Louisiana veteran aims to build cabin for families of soldiers killed in 2009 Afghanistan helicopter crash
The Advocate, Baton Rouge, La. September 7, 2023
(Tribune News Service) — It was 3 a.m. in western Afghanistan on Oct. 26, 2009, when Shawn Stewart and seven crew members were flying aboard an Army Chinook helicopter, call sign Arcane 22. They were providing support for a raid on drug operations in Afghanistan to disrupt the distribution of heroin that was funding insurgents.
Following a lead helicopter, Arcane 21, they stopped near the village of Darreh-ye Bum to pick up 36 people, including Special Forces troops, Drug Enforcement agents, Marine Corps raiders, and Afghan soldiers.
"We got everyone on board. Typical, load everyone up. So, we get ready to take off and [the lead helicopter] takes off and they blow dust in our faces," said Stewart, who lives in Gun Barrel City, Texas.
They knew Taliban forces were aware of their position, so despite the blinding dust, Arcane 22 ascended 100 feet before the helicopter's rotor struck the side of a mountain, throwing the aircraft off course.
"I heard blades still going and I was like what the heck is happening," Stewart said. "We were facing down and started to pick up speed. We spike into this building, and that's when we crashed."
Five of Stewart's crewmembers and friends were among the 10 people who died that night. The crash is considered one of the deadlier days of the Afghanistan war.
He and one other person were the only members of his crew to survive. The crash left Stewart with four broken vertebrae, both hips broken, four broken ribs, internal bleeding and a collapsed lung after being thrown around the helicopter fuselage. He faded in and out of consciousness and was surrounded by fire.
Little did Stewart know that night would inspire a fellow soldier to create the Arcane Project, Inc., a nonprofit aimed at providing for Gold Star families, and start a GoFundMe page to create a cabin out of a Chinook fuselage as a memorial and a space for reflection for veterans and families.
Broussard resident Jeremy Thibodeaux, a Silver Star recipient and former staff sergeant, flight engineer and door gunner in the U.S. Army Special Operations Command, worked alongside Stewart to maintain Chinooks like the Arcane 22.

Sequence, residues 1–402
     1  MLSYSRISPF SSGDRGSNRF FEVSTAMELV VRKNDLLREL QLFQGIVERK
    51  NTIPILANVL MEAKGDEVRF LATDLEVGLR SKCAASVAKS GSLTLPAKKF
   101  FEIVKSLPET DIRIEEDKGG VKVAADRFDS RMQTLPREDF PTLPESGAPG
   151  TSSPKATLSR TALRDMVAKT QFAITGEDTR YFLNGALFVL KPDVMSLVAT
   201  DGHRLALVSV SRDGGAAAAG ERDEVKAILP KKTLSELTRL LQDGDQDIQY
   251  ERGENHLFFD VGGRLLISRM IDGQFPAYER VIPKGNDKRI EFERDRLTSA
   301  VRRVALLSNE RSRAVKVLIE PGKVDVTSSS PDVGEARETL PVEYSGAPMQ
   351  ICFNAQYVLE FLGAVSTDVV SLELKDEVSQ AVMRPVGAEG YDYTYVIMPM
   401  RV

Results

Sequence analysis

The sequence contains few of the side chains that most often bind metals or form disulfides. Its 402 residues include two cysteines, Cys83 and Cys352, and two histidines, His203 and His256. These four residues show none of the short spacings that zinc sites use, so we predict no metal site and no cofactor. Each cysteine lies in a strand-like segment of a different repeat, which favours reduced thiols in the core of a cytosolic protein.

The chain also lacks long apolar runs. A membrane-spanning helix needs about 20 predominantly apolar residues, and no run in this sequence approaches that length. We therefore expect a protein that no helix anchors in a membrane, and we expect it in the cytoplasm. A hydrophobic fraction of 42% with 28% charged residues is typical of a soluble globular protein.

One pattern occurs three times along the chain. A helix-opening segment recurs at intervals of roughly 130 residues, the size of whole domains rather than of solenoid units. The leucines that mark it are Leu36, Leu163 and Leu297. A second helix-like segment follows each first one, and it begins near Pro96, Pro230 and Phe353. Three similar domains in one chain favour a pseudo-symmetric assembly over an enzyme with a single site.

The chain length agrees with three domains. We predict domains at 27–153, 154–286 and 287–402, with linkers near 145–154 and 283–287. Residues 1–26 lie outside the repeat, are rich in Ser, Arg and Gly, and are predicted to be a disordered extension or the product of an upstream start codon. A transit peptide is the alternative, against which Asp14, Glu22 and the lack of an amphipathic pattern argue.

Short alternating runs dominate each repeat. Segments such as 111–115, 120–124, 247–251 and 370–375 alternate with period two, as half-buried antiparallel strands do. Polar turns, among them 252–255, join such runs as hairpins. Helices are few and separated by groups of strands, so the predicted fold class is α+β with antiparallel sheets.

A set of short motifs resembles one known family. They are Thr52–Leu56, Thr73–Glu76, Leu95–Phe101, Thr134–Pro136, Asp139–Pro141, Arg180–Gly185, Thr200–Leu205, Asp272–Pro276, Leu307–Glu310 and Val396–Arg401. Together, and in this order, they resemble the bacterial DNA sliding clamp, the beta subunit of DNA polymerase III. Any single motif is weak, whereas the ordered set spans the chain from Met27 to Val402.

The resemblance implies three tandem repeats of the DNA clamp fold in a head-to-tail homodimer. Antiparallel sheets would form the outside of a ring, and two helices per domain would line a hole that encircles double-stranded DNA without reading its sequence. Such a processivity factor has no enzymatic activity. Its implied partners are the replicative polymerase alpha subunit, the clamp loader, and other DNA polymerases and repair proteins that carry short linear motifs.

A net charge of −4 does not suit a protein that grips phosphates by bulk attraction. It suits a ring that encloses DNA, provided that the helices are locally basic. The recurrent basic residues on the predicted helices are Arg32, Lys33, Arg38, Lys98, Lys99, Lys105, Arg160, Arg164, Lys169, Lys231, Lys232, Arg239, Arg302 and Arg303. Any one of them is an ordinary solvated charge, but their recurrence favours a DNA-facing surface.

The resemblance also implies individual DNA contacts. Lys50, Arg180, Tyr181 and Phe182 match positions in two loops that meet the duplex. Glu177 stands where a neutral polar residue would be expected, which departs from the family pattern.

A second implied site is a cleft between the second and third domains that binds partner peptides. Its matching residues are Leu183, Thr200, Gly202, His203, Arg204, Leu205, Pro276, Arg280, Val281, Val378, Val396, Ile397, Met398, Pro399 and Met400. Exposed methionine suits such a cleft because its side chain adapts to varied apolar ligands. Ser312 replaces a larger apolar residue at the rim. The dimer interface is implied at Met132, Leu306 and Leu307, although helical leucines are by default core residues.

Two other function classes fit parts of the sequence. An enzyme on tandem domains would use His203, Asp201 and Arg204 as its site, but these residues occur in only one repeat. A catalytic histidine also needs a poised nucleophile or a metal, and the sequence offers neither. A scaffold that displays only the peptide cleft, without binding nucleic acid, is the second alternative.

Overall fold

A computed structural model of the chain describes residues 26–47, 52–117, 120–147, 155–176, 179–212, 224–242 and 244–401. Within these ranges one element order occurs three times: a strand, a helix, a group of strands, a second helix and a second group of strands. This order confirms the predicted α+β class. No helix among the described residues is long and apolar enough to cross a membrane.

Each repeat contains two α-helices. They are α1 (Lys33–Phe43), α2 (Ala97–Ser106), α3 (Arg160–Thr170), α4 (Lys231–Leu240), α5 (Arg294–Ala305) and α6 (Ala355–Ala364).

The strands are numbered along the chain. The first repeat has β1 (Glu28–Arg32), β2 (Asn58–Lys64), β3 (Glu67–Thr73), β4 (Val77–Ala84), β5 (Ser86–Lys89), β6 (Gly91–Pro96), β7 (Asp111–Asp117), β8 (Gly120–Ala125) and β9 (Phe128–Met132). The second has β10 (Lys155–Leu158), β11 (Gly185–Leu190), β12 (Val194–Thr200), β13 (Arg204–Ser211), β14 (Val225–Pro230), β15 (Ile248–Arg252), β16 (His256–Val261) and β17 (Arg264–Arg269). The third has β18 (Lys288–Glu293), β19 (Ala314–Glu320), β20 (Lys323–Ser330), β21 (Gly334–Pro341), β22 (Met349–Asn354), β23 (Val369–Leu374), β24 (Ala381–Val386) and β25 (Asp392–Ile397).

"These aircraft have a lot of sentimental value to the guys that have flown these things, especially overseas in combat," Thibodeaux said. "They were our lifeline."
The project aims to raise $40,000 to transport a CH-47 fuselage from Miami to Eunice, La. So far, it has raised more than $2,000. The project's 501c3 status is currently under review.
The idea came when Thibodeaux and veterans George Davis and Pedro Ramos wondered how much it would cost to buy a fuselage — just out of curiosity. Ramos joined a Chinook Facebook group to see if anyone knew how to purchase one.
A Miami man said they could have his for free if they can pay to move it.
The fuselage will be transported to Thibodeaux’s parents’ property in Eunice so he can work on it. He’d ultimately like to put the cabin at a place like Toledo Bend, but he is not sure where its final home will be. He hopes with the help from the aviation and military community, the project will be completed in under a year.
The goal is to create a safe space of quiet contemplation for families and veterans. The cabin will be free of charge for Gold Star families, families who lost family members in the line of duty. It will also be of low cost to veterans.
"It's been since 2009 since they were killed and I can tell you it still hurts," Thibodeaux said. "I still reflect on it. Unfortunately, as time goes on people are forgotten, names are forgotten. I'm trying to keep their memory going as long as it can."
All profit will go to support Gold Star families, Thibodeaux said. He also hopes, as the nonprofit expands, to provide services and aid to veterans including housing for homeless veterans, assisting with medical bills, and addiction and mental health treatment. He'd like to build more cabins.
"These soldiers left behind small kids, family members, wives and I want to make sure they are taken care of," Thibodeaux said.
Stewart said he already donated to the fundraiser and hopes to see it when it's finished. He believes those who sacrifice themselves for their country deserve to be honored as well as their families that must live with the loss. Stewart's sons are named in honor of two men who died in the crash.
Stewart cannot forget their names or that night.
Jeremy Valdez and nearby Marines helped pull Stewart out of the wreckage and brought him to safety. Eventually, Stewart made it to Walter Reed National Military Medical Center in Washington, D.C., where he learned the fate of his crew.
"Just a nightmare, we all have nightmares," Stewart said, "but man it's amazing what those guys did to get me out of there."
He looks forward to visiting the Chinook cabin when it's ready.
"I'm so excited for it, oh my God, I want to go play in it," Stewart said, "Just to sit in the cabin. I want to touch the stuff, touch knobs, remember those nights you had. It going to bring back good memories."
Thibodeaux hopes his cabin can be a place of refuge for men like Stewart.
"This is going to be a nonprofit that is going to benefit veterans for years to come. I hope it takes off because I've been in situations in my life where I could have used helped from a nonprofit such as this," Thibodeaux said.
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